ACE 345: Finan Decision Indiv Sm Bus
This is a small business finance course (which is much shorter and simpler than the actual full title). It covers the fundamentals of finance – preparation and analysis of the financial statement system, time value of money and applications to investment decisions, basics of credit markets and evaluation, basics of investment, risk management and insurance markets. Everything is covered from a small-business or personal perspective, as opposed to corporate finance courses.
Prerequisites (Must be complete BEFORE taking this course):
ACCY 201 or equivalent
Instructor Teaching the Course:
This course is taught by the instructor below. You may click on their name to learn more about them. Teaching schedules vary by semester. Please check the Course Explorer for the most up-to-date information about the sections they will teach.
View the Course Explorer:
See when the course is offered as well as section details here: https://courses.illinois.edu/schedule/terms/ACE/345
Fall 2018 Restrictions
Restricted to students in Agricultural and Consumer Economics, Technical Systems Management, Crop Sciences, or Food & Agribusiness Management with sophomore, junior, or senior class standing.
Additional Course Information
Read more about what Dr. Paulson has to say about ACE 345!
Is this class discussion-based or lecture-based? How would you describe your teaching style?
The class is a large lecture. I definitely lecture, but try to get students involved with questions (answering and asking) and by doing examples during class time.
How are students evaluated (e.g. multiple choice or essay tests, papers, etc.)?
There are regular homework assignments (roughly 8 throughout the semester), 2 midterm exams, and a cumulative final. Students also earn “points” for grading through participation/attendance, a short writing project where they interview someone working in a (broadly defined) finance profession, and a blog posting requirement once during the semester.
What careers does this course help prepare students to pursue?
Students go into a range of careers in agriculture. Sales, marketing, lending positions with agribusiness companies/institutions. I’ve also had some student take the course who are start their own business (or are interested in that), or go into a smaller/family business or back to work for the family farm.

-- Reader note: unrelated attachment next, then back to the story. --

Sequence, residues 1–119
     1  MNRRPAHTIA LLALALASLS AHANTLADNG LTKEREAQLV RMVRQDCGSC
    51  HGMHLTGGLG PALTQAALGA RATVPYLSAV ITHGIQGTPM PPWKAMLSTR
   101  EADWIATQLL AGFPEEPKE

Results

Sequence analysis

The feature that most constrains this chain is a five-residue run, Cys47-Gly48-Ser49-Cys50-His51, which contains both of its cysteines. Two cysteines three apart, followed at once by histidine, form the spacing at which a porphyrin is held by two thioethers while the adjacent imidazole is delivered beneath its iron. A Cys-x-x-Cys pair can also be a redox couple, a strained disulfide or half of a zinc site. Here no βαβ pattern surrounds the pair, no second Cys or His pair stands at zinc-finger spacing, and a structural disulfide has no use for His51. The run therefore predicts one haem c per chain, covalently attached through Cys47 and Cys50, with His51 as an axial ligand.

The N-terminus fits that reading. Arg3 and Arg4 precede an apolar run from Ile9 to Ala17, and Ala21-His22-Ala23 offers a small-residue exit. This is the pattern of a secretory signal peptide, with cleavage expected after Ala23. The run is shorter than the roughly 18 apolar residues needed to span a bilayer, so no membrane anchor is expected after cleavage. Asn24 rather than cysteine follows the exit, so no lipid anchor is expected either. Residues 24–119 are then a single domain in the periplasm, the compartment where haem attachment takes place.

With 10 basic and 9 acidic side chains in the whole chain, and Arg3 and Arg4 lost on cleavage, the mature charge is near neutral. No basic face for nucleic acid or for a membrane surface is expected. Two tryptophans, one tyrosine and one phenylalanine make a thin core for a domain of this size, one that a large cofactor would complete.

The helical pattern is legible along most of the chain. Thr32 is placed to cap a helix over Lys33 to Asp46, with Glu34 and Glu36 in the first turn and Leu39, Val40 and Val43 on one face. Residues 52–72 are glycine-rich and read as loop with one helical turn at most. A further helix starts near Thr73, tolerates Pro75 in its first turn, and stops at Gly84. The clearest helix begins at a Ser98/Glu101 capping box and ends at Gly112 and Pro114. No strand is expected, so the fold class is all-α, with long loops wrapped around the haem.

What courses can students take to prepare for this material?
Some knowledge of the financial statement system is helpful, which is why the ACCY prerequisites are there. Some experience working in Excel is also helpful since the in-class examples and homework assignments are built in to spreadsheet files.
In what ways does this course prepare students to move through the program and/or into the work force?
I think the basic finance concepts are very useful for anyone, regardless of what type of career you end up in. The examples and exercises we do in class to apply these concepts are also very useful for students who end up in a role where they are involved with any type of business decision-making. I’ve had a number of students email me a few years after taking the course to let me know that they used a class file/template and adapted it for something in their job. The most recent example is a student who used one of the Excel templates from class to create a proposal for his supervisor to justify an investment within his company.
What is your background in Agricultural and Consumer Economics?
I have a MS and PhD in Economics from Iowa State, and my research program has always been focused in decision-making under risk within agriculture.
What is your attendance policy?
I don’t have an explicit attendance policy, but attendance is highly encouraged, and a small portion of the grade is associated with attending class through participation. I understand that students occasionally have conflicts with other activities that might force them to miss classes during the semester, but I think regular attendance helps to better prepare students for the assignments and exams since we work through similar types of problems in class.